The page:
Coca-Cola facility on the market after company announces new Louisville operation
There could be new life for the Coca-Cola bottling building on West Hill Street.
The warehousing facility at the corner of 17th and Hill is the largest industrial parcel available in the West End right now, with 317,000 square feet of space inside and more than 13 acres outside. The listing comes a little more than two months after Coca-Cola Bottling Co. Consolidated — separate from the Atlanta-based syrupy drink dynamo — cut the ribbon on a new distribution facility at 7100 Global Dr.
The backstory is a little fizzy, so here’s the smoother version. The operation used to be owned by Coca-Cola Enterprises, which came under the mothership via a deal several years ago. That operation — with 350 employees — is now being sold to CCBCC, which is pumping $12 million into the new facility here. We’re told the company will be out of the building on West Hill within 30 days.
The warehouse was built in 1940 and was last assessed at $2.8 million, per the Jefferson County Property Valuation Administrator. Broker Gant Hill has the listing.
We also hear there’s something of a distilling renaissance in Louisville right now, and this space seems like a natural fit. Don’t be surprised if …
Shark Attack: Annual Venture Shark final competition
May’s Venture Connectors Luncheon will play host to the 6th annual Venture Sharks finals. There were 35 applications for the competition. The field was narrowed to 11 for the semifinals and then to four by judges on April 15.
The four companies competing:
- Sean Vandevander, Ecobridge Industries II: The company works with Kentucky farmers to source kenaf and hemp plant fiber for end use in biocomposites, green building, pulp and paper, and automotive.
- Candice Peters and Amanda Kranias, Hello Parent: A mobile app that allows parents to connect with other families and organize events.
- Steve Arkon, Logjustrips: The company collects stop/start data from company cars and presents a decision to the driver, “Was that trip business or personal?”
- Gil Roberts and Jarett Duker, Phone Falcon LLC: A mobile repair service for smartphones and tablets that brings the repair shop to its clients for their convenience.
The winner of the pitch competition will take home $10,000 in prizes. The “Sharks” are: Bob Saunders, general partner, OCAVentures; Elizabeth Rounsavall, director of research and analytics, Chrysalis Ventures; Lou Kelmanson, president, Kelmanson Holdings LLC; and Vik Chadha, managing director, GlowTouch Technologies.
The Venture Connectors Luncheons are the first Wednesday of every month at the Muhammad Ali Center. Tickets are free for Venture Connectors members and $40 for students and visitors and include a lunch. You can RSVP and reserve your ticket online here. The event starts at 11:30 a.m.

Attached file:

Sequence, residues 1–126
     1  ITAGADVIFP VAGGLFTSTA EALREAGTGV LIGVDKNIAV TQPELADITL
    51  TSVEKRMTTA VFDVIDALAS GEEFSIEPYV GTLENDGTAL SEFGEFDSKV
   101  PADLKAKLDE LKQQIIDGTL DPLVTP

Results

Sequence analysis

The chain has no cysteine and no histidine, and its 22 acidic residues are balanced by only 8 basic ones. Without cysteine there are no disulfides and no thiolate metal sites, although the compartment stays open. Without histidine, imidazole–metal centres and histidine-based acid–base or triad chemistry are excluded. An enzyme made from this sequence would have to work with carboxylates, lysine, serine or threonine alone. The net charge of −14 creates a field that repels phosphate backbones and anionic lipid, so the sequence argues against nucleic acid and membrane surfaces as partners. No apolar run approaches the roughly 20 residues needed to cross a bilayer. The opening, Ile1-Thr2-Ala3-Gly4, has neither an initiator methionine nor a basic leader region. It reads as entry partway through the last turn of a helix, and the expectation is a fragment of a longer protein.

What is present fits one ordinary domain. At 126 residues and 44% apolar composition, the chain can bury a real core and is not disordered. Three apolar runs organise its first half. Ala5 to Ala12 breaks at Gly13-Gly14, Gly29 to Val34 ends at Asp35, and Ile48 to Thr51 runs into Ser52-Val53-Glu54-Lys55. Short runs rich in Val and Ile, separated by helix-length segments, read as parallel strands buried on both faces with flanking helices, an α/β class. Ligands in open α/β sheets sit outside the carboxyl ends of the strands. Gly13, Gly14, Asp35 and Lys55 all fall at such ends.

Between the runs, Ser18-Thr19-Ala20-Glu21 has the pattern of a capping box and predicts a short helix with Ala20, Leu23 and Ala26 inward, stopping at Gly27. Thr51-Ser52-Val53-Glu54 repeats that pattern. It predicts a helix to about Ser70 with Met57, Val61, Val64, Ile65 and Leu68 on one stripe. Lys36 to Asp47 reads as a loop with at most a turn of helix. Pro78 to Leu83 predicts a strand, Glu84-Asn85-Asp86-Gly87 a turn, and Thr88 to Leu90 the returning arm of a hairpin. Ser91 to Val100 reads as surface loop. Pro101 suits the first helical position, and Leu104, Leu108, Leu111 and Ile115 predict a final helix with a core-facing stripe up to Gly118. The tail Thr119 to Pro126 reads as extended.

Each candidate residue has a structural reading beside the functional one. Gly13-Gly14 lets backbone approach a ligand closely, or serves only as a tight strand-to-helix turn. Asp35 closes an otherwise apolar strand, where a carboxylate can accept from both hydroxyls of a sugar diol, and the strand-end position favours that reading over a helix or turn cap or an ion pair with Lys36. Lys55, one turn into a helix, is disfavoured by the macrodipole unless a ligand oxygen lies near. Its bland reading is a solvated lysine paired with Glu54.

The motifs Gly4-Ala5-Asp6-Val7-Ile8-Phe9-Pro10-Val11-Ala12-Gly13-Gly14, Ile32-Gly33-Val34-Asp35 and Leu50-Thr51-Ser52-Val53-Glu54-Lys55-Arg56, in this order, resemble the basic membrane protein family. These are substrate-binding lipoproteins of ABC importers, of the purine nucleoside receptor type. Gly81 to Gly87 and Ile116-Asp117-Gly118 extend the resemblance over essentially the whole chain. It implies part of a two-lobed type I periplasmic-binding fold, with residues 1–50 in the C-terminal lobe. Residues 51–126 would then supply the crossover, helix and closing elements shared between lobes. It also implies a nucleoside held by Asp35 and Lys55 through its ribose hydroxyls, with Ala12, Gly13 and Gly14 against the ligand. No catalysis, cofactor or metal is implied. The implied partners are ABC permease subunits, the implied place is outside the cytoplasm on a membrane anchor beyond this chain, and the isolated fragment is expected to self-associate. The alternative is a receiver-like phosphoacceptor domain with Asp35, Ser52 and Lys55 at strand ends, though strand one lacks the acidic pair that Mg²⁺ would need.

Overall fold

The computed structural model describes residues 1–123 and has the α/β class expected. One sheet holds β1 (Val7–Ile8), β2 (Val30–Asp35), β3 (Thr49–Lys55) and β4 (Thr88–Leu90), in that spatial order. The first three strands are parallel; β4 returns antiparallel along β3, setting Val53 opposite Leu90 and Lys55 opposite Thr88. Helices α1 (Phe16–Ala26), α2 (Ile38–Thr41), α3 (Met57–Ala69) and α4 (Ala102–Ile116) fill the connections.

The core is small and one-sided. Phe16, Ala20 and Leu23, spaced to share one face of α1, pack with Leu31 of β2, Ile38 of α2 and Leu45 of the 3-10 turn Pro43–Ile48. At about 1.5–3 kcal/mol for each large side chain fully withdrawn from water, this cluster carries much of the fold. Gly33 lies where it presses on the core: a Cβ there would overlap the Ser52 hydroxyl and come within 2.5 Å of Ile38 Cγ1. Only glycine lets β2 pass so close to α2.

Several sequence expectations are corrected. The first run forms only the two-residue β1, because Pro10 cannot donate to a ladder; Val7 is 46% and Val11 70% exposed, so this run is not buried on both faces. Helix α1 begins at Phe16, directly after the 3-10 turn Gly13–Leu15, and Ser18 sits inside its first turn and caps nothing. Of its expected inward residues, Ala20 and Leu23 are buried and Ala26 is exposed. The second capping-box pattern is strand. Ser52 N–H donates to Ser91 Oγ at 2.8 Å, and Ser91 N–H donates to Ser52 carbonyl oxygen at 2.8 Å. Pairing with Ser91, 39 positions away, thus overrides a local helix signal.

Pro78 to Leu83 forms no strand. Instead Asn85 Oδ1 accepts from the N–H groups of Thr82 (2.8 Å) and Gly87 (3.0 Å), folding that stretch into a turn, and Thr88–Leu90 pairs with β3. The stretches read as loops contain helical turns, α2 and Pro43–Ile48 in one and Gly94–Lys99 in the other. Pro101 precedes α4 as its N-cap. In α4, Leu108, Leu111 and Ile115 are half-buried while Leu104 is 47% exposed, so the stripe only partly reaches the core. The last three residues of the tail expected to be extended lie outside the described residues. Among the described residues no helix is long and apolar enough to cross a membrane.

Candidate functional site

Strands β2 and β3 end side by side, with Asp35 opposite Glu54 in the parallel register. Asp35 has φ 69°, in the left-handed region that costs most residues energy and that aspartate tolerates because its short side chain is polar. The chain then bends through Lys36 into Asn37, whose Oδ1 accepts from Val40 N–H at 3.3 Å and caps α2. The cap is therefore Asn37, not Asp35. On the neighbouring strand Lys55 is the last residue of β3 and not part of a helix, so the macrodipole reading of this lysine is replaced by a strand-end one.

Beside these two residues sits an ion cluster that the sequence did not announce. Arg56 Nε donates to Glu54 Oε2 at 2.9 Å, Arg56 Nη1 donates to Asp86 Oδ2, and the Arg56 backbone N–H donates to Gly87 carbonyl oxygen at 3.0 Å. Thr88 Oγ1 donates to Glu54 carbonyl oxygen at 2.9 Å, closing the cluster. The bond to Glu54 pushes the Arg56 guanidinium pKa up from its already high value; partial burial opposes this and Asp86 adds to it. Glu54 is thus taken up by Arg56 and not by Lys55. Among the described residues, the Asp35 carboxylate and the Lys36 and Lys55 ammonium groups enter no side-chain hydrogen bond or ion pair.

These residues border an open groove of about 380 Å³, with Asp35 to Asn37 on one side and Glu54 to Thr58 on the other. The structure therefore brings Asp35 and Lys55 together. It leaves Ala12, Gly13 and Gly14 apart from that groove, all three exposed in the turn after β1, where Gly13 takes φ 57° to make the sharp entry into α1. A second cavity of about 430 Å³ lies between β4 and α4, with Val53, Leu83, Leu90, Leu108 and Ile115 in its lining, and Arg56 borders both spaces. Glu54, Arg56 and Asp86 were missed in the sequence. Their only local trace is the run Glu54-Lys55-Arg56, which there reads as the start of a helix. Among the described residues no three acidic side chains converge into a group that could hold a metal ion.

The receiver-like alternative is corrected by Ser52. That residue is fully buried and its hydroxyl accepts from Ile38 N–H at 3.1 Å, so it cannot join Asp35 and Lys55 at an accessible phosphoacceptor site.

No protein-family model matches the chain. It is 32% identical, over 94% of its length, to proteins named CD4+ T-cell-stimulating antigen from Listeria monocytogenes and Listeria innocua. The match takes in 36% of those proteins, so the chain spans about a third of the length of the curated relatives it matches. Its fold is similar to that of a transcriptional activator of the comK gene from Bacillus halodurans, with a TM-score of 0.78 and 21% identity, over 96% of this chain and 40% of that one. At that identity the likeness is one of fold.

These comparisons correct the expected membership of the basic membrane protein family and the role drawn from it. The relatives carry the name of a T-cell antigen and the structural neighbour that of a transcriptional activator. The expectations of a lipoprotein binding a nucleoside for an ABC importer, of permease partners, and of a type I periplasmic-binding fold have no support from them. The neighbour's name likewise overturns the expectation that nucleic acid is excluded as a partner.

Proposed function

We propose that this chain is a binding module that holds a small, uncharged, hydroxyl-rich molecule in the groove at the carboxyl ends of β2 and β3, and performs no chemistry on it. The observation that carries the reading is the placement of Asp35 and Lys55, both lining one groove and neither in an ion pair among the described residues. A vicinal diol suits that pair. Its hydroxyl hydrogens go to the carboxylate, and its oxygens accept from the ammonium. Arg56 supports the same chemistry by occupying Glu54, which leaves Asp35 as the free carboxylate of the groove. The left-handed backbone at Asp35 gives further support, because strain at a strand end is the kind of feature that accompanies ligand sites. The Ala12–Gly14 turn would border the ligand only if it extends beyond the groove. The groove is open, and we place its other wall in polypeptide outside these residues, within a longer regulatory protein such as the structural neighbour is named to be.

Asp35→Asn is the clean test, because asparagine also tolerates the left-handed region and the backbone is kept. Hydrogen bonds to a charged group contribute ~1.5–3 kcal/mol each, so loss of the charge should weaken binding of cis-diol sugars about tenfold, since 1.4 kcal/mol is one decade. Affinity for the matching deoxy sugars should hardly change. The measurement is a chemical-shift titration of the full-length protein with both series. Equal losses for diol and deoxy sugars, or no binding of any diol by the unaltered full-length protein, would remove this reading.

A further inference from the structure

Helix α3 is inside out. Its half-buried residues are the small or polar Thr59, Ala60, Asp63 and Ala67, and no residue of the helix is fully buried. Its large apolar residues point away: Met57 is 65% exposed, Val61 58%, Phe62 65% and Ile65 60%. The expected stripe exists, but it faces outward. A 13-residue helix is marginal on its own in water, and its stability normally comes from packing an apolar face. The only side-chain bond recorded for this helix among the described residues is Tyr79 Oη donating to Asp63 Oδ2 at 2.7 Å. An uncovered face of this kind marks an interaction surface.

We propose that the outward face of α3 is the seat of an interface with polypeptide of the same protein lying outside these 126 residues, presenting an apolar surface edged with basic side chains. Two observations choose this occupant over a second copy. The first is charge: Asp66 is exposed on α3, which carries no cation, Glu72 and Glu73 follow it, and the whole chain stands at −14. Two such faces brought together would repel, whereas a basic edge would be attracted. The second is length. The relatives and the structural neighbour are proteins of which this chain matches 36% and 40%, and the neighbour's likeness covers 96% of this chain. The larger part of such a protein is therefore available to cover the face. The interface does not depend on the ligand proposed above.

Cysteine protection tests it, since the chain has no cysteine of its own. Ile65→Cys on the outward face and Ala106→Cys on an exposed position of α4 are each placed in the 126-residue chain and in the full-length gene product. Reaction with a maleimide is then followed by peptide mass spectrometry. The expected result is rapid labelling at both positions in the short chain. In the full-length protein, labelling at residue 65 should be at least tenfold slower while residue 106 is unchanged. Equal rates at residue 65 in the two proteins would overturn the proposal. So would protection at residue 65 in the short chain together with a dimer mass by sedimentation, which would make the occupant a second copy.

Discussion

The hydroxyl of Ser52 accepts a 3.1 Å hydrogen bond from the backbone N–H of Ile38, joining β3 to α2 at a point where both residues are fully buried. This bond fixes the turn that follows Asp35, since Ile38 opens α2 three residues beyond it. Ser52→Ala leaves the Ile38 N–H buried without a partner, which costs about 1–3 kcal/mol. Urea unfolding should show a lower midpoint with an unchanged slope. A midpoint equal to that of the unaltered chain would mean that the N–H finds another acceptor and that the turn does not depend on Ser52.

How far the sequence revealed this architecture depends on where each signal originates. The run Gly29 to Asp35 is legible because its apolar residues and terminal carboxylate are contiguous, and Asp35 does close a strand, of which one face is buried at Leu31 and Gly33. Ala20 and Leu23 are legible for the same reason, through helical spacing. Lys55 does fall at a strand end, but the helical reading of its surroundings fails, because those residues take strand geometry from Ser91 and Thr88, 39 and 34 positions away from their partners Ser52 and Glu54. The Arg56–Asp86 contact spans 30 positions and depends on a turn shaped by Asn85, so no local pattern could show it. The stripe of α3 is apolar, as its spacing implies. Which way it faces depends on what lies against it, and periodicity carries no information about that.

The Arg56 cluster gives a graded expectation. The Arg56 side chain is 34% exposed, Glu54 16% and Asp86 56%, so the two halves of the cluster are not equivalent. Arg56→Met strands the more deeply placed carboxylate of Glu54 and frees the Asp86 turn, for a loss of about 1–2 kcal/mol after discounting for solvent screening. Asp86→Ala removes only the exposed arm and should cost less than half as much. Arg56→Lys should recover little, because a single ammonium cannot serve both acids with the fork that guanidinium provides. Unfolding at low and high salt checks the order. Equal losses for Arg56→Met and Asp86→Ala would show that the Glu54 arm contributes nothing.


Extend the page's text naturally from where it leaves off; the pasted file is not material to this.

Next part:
Private Client Services expands its Southern Indiana, Louisville offerings
We told you earlier this month that Tony Bennett, the former complex manager at Wells Fargo Advisors’ downtown Louisville office, had left his gig there under circumstances that were, at the time, a little unclear.
Here’s the rest of the story: The 21-year financial services industry veteran was establishing his own adviser firm, Bennett & Bennett. And now that firm has joined Private Client Services, the largest independent broker/dealer in Kentucky, which is continuing an impressive growth trend.
Bennett has worked at wire houses, including Morgan Stanley, UBS and Wells. But he found it difficult to streamline the customer experience there, and he was ready to declutter the experience for his advisors and customers, so he set forth on his own. Working under the PCS umbrella, he says, will offer support on the resource and regulatory side while helping him present a purer experience to potential advisers and customers.
“Ultimately, the goal should be to be able to pass that along to a client,” he says. “So that is very attractive for an adviser.”
Bennett is pretty transparent about another thing, too: He’s looking to poach advisers from some of the bigger houses in town. Wells, for instance, has lost not only Bennett but this two-man adviser team, who moved to Raymond James last fall.
Bennett begins with offices in New Albany and Corydon, and he says they’ll be in Louisville soon.
Ernest Sampson, CEO of PCS, says he’s excited to bring Bennett on board. “The Bennett family and Bennett & Bennett Insurance Company have been outstanding civic and corporate leaders in Southern Indiana for decades,” Sampson says.
The roots of PCS in Louisville date back to 1928. They have 40 offices and 120 reps managing some $3.5 billion in direct and indirect money managed by their independents. They’ve added 14 advisers or adviser practices to their roles in the past 18 months.
“I never have any trouble getting an answer to a question,” Bennett says of his experience there, which officially began April 17. “The response time has been really kind of breathtaking. That goes from the very simplest detail to getting on the phone with Ernest Sampson.”